UMTS Physical Layer & Radio Interface

- the air interface, frequencies and power control used within UMTS or Wideband CDMA, WCDMA, cellular telecommunications system

The Physical layer is one of the key elements that differentiates the various cellular systems that operate. Although there is very much more to a cellular system than just the physical layer, it is one of the aspects that gains a high level of visibility.

The UMTS physical layer is totally different to that employed by GSM. It employs a spread spectrum transmission in the form of CDMA rather than the TDMA transmissions used for GSM. Additionally it currently uses different frequencies to those allocated for GSM.

UMTS physical layer signal format

One of the chief elements of the UMTS physical layer or radio interface is the signal format that has been adopted.

The UMTS physical layer utilises direct sequence spread spectrum format to enable a multiple access scheme called Code Division Multiple Access, CDMA to be used.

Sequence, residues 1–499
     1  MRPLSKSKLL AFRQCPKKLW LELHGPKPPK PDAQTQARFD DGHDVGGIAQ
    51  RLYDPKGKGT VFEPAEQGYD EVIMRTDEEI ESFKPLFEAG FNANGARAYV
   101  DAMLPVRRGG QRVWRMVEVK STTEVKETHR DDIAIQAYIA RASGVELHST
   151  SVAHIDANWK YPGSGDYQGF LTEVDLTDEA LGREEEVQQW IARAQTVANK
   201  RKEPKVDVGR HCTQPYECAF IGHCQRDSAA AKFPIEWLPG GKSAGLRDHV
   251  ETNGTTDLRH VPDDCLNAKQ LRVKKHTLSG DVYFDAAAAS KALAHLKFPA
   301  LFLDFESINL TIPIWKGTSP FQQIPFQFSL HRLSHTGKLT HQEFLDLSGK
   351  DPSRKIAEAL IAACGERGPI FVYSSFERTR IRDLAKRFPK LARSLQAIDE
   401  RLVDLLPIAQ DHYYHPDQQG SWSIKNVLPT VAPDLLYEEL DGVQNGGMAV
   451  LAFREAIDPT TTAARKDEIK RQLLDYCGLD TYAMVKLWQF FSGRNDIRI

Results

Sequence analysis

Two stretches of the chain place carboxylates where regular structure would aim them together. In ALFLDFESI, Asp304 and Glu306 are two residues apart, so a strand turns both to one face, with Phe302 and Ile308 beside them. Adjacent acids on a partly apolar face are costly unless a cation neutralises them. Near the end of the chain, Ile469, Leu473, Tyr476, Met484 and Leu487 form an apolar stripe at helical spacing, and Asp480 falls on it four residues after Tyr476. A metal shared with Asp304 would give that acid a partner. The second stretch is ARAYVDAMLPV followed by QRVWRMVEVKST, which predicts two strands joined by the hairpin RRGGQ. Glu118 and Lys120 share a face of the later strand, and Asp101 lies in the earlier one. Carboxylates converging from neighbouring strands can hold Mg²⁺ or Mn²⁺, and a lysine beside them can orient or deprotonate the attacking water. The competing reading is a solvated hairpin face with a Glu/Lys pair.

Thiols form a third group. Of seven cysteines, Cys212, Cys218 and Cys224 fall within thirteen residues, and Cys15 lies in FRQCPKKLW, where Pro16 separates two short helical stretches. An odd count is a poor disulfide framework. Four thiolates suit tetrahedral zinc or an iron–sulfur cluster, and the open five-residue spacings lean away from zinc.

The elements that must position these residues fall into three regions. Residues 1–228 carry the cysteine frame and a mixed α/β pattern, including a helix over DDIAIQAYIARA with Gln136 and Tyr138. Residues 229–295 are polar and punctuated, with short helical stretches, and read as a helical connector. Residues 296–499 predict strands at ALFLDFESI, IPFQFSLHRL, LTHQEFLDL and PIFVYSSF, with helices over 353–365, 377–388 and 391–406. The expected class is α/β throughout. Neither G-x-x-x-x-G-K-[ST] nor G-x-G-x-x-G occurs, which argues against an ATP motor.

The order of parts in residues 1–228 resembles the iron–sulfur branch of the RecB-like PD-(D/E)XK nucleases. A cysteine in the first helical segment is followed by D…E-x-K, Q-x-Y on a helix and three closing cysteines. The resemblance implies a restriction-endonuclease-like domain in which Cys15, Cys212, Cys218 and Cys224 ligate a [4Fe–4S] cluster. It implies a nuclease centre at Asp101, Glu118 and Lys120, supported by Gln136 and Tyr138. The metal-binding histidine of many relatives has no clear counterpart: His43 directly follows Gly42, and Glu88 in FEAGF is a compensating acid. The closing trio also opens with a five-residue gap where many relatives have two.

Using CDMA, multiple users share the same channel, but different users are allocated different codes, and in this way the system is able to distinguish between the different users.

      Read more about UMTS CDMA

The CDMA signal is 5MHz and in view of this, the UMTS physical layer is often referred to as Wideband CDMA, W-CDMA. This compares to the US based cdmaOne and cdma2000 systems that use a 1.25 MHz bandwidth.

UMTS transmitted signal characteristics

One key element of the UMTS physical layer is the definition of the transmitted signal characteristics. It is necessary to define the overall signal bandwidth and shape so that interference is minimised for adjacent channels and users.The pulse shaping applied to the transmitted signals is root raised cosine filtering with a roll-off-factor of 0.22.

The nominal carrier spacing is 5MHz, and the carrier centre frequencies are normally divisible by 5, but the carrier frequency can be adjusted in increments of 200kHz. Accordingly the centre frequency of UMTS carriers are indicated with an accuracy of 200kHz. This adjustment can be used to provide operators with a more flexible use of their available spectrum.

One important characteristic of the signal is the way in which the signal spreads out either side of the central area, and affecting other channels. It is never possible to have complete isolation or infinite filtering and therefore spectral masks are defined showing elves that must be achieved for compliance with the standard.